Going into the interview, I felt that I understood a lot about the community. After all, I had been a part of it since early June. That much was true; I did know a lot about my perspective of the Discourse Community.
My interview was with Nic Muranaka, the editor above me. He is fantastic and has helped me achieve the success I’ve had at The Signpost. Even though we have a very fun relationship (we both love to laugh, especially at each other), I respect him greatly. He is a kind and outgoing person that sees a need and fills it.
The most surprising thing about the interview was the reason that he stays in the community. For many Comm majors, this class is one of the required electives, but that does not automatically make you an editor. Nic was an English Literature major. In fact, he graduated last spring. Nic likes the work well enough, but that isn’t the reason he has stayed for three years. He has stayed for the people. I found that surprising. I always assumed he stayed because he enjoyed it, but he stays for his friends. I suppose that should have been more obvious, seeing as he stayed a year past his graduation.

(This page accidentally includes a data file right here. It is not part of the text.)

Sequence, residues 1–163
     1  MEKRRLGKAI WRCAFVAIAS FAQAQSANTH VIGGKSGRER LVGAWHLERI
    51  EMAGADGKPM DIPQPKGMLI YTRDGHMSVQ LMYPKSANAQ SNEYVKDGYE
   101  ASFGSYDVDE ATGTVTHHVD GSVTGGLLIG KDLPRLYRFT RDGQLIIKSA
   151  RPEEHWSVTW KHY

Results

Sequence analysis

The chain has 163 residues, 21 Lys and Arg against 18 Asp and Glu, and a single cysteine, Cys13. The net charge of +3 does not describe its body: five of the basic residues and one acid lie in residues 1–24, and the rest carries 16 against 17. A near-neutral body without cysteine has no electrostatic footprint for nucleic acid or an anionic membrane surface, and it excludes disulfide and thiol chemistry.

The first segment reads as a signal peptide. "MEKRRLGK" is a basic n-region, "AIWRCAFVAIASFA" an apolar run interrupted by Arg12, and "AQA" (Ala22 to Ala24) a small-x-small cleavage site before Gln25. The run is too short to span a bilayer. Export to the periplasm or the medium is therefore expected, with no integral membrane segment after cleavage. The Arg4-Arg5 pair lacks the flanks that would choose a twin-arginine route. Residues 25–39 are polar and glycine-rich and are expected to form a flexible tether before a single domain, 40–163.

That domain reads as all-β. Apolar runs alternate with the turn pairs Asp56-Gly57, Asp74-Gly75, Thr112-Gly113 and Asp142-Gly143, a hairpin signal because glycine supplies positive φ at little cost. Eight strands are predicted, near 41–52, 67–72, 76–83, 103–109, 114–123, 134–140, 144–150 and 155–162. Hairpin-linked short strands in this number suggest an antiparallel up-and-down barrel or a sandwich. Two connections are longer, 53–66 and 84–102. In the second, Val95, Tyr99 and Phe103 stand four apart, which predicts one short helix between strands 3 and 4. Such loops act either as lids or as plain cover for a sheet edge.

I had several follow-up questions, but seeing as we are a news group that thrives on interviews, he gave me thorough and detailed answers to my questions. I had 18 initial questions for him, so I was glad to see that each of them were answered so well. At the end of the interview, I felt confident about my base of knowledge and felt that my perspectives had been broadened.
Incorporating the interview into my paper will be relatively simple for me. I have lots of experience with writing about interviews and putting them strategically throughout. Even if I do not use every word of his, the knowledge he provided will continue to bring a second perspective to my thesis and paper.
The biggest thing that surprised me is that I think I may go get more interviews. With the others on the editorial staff. I think Nic’s response led me to some interesting findings that I may have with others as well.